Under the new policy, information collected about individual registered users on sites like YouTube, Gmail, Google+, etc. will be merged and stored in personal data files. These files, in turn, will be used by Google to highly personalize a user’s Internet experience, enabling more customized search suggestions, better video recommendations, and advertising that more accurately reflects users’ interests.
This doesn’t mean the company will be collecting much more data than it has been, but what it does collect will be shared across applications.For example, if you mention “classic rock” in a Gmail message to a friend, your next YouTube suggestion might be an AC/DC video; if you type a friend’s unusual name on Blogger, it will not show up as being misspelled on your next search engine query. The end result is uncanny to many who feel their technology is getting a little too smart, but it also has some disturbing ramifications on a deeper and somewhat more ideological level.
The new Google policy is ultimately intended to represent a further step into a new era of technological personalization, in which computer media will be easier, simpler, more accessible, and more responsive—more human, in some ways, and more democratic. Users will no longer have to constantly transfer data manually from application to application, instead relying on the intelligence of the system to smooth their way. Companies like Google will be able to find better strategies for marketing and competition based on the real interactions people make with each other and with their media. However, as positive and innovative as the idea is, realistic web users are concerned that their private information may fall into hands they’d rather it not—those of identity thieves, hackers, government watch agencies, and others. Alongside practical fears of information theft rise nagging reminders of once-absurd Orwellian paranoia.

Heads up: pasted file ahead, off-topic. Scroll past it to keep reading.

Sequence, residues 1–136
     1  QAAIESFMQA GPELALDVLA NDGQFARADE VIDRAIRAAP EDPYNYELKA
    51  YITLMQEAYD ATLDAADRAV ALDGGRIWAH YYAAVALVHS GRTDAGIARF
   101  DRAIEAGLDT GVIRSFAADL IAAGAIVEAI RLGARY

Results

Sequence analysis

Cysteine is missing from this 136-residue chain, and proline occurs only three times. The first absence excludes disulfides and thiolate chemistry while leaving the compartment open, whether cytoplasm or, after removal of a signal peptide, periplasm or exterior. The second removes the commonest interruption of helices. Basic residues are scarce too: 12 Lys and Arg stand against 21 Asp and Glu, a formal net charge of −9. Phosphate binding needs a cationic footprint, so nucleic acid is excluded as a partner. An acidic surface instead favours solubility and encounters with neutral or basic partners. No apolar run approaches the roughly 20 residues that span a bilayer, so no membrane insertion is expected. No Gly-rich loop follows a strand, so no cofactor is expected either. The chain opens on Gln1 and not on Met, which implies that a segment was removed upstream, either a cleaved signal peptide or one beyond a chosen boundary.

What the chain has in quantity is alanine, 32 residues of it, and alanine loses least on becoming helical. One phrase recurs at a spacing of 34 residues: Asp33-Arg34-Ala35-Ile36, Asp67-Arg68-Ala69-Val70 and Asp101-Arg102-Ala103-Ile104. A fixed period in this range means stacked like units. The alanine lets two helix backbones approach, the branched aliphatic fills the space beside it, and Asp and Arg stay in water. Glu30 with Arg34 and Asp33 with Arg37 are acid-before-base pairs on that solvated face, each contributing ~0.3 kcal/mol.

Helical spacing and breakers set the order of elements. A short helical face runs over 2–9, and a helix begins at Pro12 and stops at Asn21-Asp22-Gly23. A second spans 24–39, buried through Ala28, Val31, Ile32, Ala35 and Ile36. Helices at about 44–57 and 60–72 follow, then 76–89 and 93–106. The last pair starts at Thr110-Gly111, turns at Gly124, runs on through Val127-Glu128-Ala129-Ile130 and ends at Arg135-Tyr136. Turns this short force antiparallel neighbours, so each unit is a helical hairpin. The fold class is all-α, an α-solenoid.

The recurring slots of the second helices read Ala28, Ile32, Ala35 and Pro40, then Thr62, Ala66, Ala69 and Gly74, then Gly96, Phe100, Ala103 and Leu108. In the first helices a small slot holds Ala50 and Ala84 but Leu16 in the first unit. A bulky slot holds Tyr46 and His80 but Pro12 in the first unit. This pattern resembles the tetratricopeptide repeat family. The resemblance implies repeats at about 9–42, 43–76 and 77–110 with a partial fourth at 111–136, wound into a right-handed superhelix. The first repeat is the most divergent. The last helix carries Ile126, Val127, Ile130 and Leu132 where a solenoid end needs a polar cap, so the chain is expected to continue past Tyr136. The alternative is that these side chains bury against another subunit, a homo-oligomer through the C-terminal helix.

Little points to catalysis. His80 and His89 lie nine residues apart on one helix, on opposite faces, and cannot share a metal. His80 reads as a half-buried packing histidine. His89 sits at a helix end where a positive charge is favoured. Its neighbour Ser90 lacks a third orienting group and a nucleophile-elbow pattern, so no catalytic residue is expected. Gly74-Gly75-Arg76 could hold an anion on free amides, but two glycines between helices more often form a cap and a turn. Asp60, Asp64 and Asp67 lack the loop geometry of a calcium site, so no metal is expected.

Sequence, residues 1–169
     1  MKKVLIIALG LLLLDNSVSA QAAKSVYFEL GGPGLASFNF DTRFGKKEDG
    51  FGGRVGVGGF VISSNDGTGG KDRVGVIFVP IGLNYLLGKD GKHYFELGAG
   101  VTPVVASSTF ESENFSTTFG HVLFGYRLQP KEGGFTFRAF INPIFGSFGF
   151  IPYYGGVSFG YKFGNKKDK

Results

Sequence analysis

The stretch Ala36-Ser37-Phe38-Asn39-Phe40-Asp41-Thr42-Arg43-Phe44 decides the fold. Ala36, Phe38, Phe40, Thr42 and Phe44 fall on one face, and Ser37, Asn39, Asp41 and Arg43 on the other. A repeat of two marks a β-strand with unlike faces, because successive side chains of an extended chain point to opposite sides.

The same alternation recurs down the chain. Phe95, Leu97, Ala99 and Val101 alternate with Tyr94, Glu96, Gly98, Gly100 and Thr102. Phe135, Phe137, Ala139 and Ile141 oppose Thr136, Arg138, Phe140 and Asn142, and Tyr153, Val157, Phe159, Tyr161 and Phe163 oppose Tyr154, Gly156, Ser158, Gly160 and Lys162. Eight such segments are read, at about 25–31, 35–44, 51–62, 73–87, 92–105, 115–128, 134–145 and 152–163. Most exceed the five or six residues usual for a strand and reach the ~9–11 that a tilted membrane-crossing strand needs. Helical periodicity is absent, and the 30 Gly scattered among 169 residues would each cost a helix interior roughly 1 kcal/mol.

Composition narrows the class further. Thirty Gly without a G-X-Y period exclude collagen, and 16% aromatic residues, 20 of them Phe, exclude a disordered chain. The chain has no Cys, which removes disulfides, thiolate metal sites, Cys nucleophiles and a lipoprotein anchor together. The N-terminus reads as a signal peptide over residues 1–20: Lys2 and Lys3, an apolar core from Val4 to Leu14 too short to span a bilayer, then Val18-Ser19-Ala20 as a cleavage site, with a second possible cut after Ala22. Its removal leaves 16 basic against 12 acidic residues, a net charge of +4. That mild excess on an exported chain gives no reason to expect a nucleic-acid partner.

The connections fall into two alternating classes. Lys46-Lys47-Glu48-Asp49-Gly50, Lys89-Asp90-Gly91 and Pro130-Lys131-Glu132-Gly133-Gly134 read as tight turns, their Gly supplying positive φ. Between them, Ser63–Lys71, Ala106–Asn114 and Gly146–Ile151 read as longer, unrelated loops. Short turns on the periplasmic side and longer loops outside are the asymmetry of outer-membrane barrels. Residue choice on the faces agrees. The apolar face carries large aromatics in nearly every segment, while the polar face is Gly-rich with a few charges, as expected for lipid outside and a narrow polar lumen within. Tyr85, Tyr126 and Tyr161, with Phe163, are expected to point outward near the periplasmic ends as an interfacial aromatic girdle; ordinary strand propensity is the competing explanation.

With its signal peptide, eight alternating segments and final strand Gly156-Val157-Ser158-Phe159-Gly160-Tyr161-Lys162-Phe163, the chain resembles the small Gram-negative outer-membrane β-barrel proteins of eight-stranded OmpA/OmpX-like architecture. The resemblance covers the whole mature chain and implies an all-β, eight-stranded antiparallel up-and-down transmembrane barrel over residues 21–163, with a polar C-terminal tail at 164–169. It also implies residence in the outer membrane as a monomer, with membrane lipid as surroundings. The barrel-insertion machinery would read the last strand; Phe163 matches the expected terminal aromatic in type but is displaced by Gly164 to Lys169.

Prominent among the concerns of users and legal groups is the fact that the policy itself is all-or-nothing: you can’t opt out of the unified policy and still expect to use the broader range of Google products. This makes it extremely difficult for Android phone owners and others who have grown dependent on Google technology to avoid the changes, despite their concerns. In addition, there are worries that competing companies—like Facebook, which already customizes ads to members’ posts—will jump on the bandwagon in an attempt to remain viable, leaving users no option but to share their information or avoid media altogether.
Although Google maintains its new policy to be perfectly legal, and has agreed to be annually audited by the Federal Trade Commission for violations and inappropriate use, many citizens and privacy rights groups still oppose the alterations. It remains to be seen whether such opposition will grow over time, or diminish as the public becomes more accustomed to the higher degree of observation. To be sure, many parties will be observing the resulting legal and social developments with interest in the months to come.